Commentary Magazine


Topic: bad actor

What IS Our Iran Policy?

Hillary’s speech, as limited as it was in the discussion of Iran, as opposed to graph after graph on the unsustainability of the status quo with regard to the Palestinians, was a puzzler. Unlike the president’s mute reaction to the June 12 stolen election and the brutal aftermath, Hillary made a convincing case that, yes, the regime is a very bad actor. She pronounced:

Elements in Iran’s government have become a menace, both to their own people and in the region. Iran’s president foments anti-Semitism, denies the Holocaust, and threatens to destroy Israel. The Iranian leadership funds and arms terrorists who have murdered Americans and Israelis alike. And it has waged a campaign of intimidation and persecution against its own people. Last June, Iranians marching silently were beaten with batons; political prisoners were rounded up and abused; and absurd and false accusations were leveled against the United States, Israel, and the West. People everywhere were horrified by the video of a young woman killed in the street. The Iranian leadership is denying its people rights that are universal to all human beings — including the right to speak freely, to assemble without fear; the right to the equal administration of justice, and to express your views without facing retribution.

Fine, as far as it goes. But what are we doing about it? In his address this year for the Iranian New Year, Obama said, “The United States does not meddle in Iran’s internal affairs. Our commitment – our responsibility – is to stand up for those rights that should be universal to all human beings. That includes the right to speak freely, to assemble without fear; the right to the equal administration of justice, and to express your views without facing retribution against you or your families.” Again — no meddling, but what actions are in gear to express our horror? Moreover, there seems to be no recognition that such a regime would be immune to our entreaties. We are, as Hillary often says, “bearing witness” — taking notes and making generalized statements, but not committing ourselves to assist those being murdered and brutalized as they try and wrest their government back from the regime.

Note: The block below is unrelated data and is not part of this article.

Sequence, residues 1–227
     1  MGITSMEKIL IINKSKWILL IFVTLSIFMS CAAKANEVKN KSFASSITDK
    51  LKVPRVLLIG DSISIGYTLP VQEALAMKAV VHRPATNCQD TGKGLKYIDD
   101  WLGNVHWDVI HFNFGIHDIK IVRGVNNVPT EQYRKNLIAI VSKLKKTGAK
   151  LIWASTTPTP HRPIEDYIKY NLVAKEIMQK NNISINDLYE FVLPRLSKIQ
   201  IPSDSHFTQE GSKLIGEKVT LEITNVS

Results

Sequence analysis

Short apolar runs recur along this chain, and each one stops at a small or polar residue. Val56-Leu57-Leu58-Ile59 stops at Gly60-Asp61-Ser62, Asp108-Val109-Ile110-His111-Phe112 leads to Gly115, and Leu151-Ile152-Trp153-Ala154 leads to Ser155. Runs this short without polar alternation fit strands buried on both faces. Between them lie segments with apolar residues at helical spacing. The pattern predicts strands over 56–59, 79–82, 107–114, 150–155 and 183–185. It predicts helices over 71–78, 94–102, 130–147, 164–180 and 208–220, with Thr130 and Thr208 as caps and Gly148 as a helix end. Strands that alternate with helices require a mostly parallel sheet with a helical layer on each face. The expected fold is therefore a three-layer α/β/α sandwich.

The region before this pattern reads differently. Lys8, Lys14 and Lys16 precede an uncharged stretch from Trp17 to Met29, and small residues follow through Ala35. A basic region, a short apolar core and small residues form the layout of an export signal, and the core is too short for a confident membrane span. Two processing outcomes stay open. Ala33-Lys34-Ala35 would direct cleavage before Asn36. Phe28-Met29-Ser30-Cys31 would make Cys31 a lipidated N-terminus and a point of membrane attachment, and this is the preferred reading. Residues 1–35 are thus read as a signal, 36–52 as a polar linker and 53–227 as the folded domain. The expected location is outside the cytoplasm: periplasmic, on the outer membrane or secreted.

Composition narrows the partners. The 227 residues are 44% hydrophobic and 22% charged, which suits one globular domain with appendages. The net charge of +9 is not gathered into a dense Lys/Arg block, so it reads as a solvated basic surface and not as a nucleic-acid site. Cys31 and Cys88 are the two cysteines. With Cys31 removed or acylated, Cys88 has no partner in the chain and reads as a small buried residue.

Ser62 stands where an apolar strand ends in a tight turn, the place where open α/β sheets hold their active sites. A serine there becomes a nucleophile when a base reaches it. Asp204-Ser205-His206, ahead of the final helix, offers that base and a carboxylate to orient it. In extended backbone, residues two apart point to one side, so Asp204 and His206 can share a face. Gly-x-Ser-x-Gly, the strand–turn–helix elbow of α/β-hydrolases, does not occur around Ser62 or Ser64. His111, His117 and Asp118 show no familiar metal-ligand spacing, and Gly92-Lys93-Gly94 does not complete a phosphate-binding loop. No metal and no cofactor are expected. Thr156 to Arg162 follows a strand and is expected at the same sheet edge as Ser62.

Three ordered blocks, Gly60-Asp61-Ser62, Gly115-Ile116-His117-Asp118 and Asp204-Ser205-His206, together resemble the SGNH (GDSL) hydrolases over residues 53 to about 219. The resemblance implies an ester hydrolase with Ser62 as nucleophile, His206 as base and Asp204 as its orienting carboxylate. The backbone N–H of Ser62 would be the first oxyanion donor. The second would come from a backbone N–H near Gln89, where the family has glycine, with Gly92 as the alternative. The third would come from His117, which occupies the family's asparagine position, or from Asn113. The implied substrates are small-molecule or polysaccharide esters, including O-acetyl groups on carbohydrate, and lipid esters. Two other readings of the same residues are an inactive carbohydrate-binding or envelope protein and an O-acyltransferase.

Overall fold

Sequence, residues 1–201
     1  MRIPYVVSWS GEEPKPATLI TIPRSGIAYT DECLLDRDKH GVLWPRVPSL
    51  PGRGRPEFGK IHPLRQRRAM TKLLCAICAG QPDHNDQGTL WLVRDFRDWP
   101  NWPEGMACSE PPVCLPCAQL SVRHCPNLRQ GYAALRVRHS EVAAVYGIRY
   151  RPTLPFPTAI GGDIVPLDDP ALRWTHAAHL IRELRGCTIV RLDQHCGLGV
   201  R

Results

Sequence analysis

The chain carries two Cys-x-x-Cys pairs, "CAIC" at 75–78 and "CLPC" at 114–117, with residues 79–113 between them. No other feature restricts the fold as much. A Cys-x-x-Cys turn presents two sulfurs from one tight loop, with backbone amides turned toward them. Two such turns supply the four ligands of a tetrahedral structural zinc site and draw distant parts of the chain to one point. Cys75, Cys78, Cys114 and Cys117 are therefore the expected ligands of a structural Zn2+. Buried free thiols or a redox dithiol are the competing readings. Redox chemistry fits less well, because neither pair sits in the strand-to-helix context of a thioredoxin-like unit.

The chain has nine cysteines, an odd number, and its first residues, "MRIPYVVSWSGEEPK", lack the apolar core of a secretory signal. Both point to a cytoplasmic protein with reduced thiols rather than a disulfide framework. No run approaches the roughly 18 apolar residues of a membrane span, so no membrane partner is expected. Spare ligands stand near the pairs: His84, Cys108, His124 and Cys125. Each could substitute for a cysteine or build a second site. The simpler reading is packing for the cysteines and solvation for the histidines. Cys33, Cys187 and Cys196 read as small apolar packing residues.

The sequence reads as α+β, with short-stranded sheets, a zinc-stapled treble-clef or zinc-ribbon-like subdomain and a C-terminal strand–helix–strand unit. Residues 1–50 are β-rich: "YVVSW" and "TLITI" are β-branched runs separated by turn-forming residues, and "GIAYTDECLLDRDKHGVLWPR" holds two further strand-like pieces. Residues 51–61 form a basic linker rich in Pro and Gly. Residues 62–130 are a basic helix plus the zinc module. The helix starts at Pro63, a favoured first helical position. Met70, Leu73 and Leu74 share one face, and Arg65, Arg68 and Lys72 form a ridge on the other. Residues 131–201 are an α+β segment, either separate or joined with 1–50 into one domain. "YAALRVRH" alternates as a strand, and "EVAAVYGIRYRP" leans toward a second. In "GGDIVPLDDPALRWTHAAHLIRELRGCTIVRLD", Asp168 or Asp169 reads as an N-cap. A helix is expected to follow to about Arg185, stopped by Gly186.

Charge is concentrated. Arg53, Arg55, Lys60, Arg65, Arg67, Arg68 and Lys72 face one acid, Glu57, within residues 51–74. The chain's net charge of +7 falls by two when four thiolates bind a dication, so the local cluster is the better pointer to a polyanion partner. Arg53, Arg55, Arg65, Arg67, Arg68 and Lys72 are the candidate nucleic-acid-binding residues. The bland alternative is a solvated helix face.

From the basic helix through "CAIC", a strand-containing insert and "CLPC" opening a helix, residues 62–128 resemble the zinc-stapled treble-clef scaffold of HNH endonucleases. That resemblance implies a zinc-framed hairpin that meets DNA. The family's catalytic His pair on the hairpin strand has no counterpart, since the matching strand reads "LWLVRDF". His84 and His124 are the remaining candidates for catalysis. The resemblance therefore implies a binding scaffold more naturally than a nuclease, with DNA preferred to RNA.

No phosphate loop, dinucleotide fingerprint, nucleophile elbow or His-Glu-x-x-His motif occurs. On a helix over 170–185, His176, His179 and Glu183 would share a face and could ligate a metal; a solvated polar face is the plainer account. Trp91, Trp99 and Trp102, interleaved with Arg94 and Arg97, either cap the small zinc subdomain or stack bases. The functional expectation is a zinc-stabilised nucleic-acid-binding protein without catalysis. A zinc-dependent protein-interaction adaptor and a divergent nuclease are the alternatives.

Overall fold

Hillary also said today: “In addition to threatening Israel, a nuclear-armed Iran would embolden its terrorist clientele and would spark an arms race that could destabilize the region. This is unacceptable. Unacceptable to the United States. Unacceptable to Israel. And unacceptable to the region and the international community. So let me be very clear: The United States is determined to prevent Iran from acquiring nuclear weapons.” As Rick noted, what is missing is the rest of the sentence: “The United States is determined to prevent Iran from acquiring nuclear weapons by ???” By committing ourselves to regime change? No. By imposition of crippling sanctions that were passed by the House and Senate months ago? Er, no. This is what she offers:

We are working with our partners in the United Nations on new Security Council sanctions that will show Iran’s leaders that there are real consequences for their intransigence, that the only choice is to live up to their international obligations. Our aim is not incremental sanctions, but sanctions that will bite. It is taking time to produce these sanctions, and we believe that time is a worthwhile investment for winning the broadest possible support for our efforts. But we will not compromise our commitment to preventing Iran from acquiring these weapons.

Taking time to produce them? Well, yes, lots and lots of time. Her self-defense is this: “We took this course with the understanding that the very effort of seeking engagement would strengthen our hand if Iran rejected our initiative. And over the last year, Iran’s leaders have been stripped of their usual excuses.” But no, engagement has not in fact resulted in agreement by China and Russia to join in an international sanctions effort. There is a pathetic naïveté here as well — that what was key was the stripping the mullahs of their excuses. Well, they come up with new ones all the time, as do Russia and China, for refusing to cooperate with efforts to impose sanctions.

Once again there is an unmistakable gap between rhetoric (“Unacceptable!”) and policies designed and urgently implemented to achieve those aims. We can surmise that the Obami are either incompetent or that the rhetoric is just that — rhetoric.